Adequate water treatment is the cornerstone of modern public health, but few take a moment to ask why. Well, it’s pretty obvious—water is the elixir of life, and, while we ingest it for survival, it also transports disease. However, the exact biological means through which illness can emerge and spread through water varies, with some causes being rare and others finding near-ubiquity. One such example of the latter is Cryptosporidium.
Chlorine is often associated with water treatment practices, as disinfects microorganisms and other harmful pathogens. However, Cryptosporidium (or just Crypto) is resistant to chlorine. For this reason, it may emerge in drinking and recreational water, and those who ingest the parasitic microorganism can contract the disease cryptosporidiosis.
To make matters more worrisome, Crypto lives in the intestines of infected humans or animals, and they shed the germ via their stool. To contract Cryptosporidiosis, you need to ingest infected fecal matter. In the United States, there is an estimated 748,000 cases of cryptosporidiosis each year.
Cryptosporidium oocysts are notable for their outer shell, which protects them from chlorine disinfection and helps them survive outside the body for substantial periods. Many species are known to infect humans and animals, but the most common found in human beings are Cryptosporidium parvum and C. hominis.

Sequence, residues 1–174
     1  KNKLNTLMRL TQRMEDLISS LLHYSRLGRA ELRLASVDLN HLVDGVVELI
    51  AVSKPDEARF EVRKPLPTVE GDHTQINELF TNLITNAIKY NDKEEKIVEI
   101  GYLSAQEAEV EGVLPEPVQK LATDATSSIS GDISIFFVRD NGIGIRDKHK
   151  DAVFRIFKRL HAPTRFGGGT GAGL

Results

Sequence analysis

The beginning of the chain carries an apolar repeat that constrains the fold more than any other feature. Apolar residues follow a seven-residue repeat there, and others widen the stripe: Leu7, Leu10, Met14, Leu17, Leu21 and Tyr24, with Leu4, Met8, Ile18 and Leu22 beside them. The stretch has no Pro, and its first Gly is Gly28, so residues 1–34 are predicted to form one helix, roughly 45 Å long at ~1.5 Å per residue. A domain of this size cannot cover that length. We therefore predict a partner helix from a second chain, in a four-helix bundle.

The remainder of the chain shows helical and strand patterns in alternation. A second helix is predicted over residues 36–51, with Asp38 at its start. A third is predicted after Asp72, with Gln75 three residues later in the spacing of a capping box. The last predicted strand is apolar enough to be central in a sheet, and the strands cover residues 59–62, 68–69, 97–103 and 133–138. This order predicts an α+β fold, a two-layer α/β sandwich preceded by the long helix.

Following infection with the parasite, symptoms of cryptosporidiosis begin after 2 to 10 days (average 7). For the most part, these symptoms aren’t life threatening. In fact, some people with Crypto demonstrate no symptoms at all. However, most experience watery diarrhea and related gastrointestinal issues, as well as a fever. These issues often last 1 to 2 weeks, but reoccurrence does sometimes happen for up to 30 days. For those with weakened immune systems, the illness can be serious and sometimes even fatal.
Precautionary actions at the individual level can limit one’s exposure to Crypto. The Centers for Disease Control and Prevention (CDC) advises care when potential exposure has taken place. Much of this is aligned with conventional efforts associated with human hygiene—washing hands after using the toilet, avoiding touching your mouth with contaminated hands, and being especially careful when at a higher risk for infection.
For limiting the spread of Crypto in recreational water, the CDC advises not to drink pool water. Furthermore, this is where that one seemingly strange habit becomes immensely important—showering before jumping in the pool. Showering be a useful way of preventing contamination of the pool water. If Crypto does make an unfortunate presence at a public pool, the CDC recommends closing and treating the water with high levels of chlorine, through hyperchlorination, to placate the outbreak.
While water is the primary means by which Cryptosporidium spreads, the protozoan can be transferred via infected food. By thoroughly washing any produce with uncontaminated water, individuals can help stifle parasite’s circulation.